FCA Shows Off Uconnect System Concept Powered by Android at 2017 CES
Fiat Chrysler Automobiles made headlines last month when it announced it would be skipping the Detroit Auto Show and instead would be showcasing its newest technology at the Consumer Electronics Show in Las Vegas.
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That new technology turned out to be the Uconnect System Concept Powered by Android, which the automaker equipped inside a 2017 Chrysler 300 sedan. This concept uses the newest version of Android—7.0 Nougat—to provide consumers with an entertainment system that has greater app support and is also much more customizable. People can operate this advanced tech via the car’s Uconnect 8.4-inch infotainment system and FCA will be offering hands-on demonstrations of its newest tech at the Consumer Electronics Show, Jan. 5-8.
Besides offering popular apps such as Spotify and Pandora, the Uconnect System Concept Powered by Android will also support Google Maps, Google Assistant, Pocket Casts, and NPR One. In addition, this new technology gives Chrysler the ability to customize the interface of its new infotainment system, which is a stark contrast to the Android Auto and Apple CarPlay operating systems. Both of those look exactly the same in each type of car they are used in. This limits an automaker’s ability to customize the dashboard inside its vehicles.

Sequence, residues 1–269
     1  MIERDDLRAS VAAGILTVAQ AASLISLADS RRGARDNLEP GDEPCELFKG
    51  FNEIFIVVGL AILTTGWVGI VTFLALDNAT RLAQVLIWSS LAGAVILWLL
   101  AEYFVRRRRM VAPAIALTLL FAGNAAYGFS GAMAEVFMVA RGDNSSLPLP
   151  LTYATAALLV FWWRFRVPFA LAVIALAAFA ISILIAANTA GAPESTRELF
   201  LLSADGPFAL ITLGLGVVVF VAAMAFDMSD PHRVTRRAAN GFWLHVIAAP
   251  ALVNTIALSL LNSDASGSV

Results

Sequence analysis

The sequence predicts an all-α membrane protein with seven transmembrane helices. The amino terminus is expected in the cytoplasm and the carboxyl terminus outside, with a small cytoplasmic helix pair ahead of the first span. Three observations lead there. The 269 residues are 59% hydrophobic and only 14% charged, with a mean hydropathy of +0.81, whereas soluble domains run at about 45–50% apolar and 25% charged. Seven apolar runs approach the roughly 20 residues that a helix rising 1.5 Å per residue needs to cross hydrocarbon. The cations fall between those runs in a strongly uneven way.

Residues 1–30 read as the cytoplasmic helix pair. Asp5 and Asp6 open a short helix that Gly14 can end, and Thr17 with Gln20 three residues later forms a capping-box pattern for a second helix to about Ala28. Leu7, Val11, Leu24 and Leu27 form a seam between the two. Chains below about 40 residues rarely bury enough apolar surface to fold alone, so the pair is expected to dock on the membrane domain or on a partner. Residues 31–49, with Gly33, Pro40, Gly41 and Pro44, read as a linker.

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“This collaboration with Google has been an extremely beneficial opportunity for both companies to explore how in-vehicle infotainment and connectivity technology continues to evolve, and what it takes to meet consumers’ increasing desire for innovation of information with minimal distraction,” said Chris Barman, Head of Electrical Engineering, FCA. “With Android, we are able to maintain our unique and intuitive Uconnect user interface, all while integrating our easy-to-use systems with Android’s features and ecosystem of applications.”
At this point, the new Android car system is still just a concept, but it does provide a possible preview of what future FCA vehicles could look like inside their cabins. Furthermore, this new tech could help boost the public image of FCA infotainment systems, especially since two hackers were able to take control of a Jeep Cherokee last year using just a laptop computer. FCA has since offered an update to its Uconnect system to help prevent any future hacking of its vehicles.
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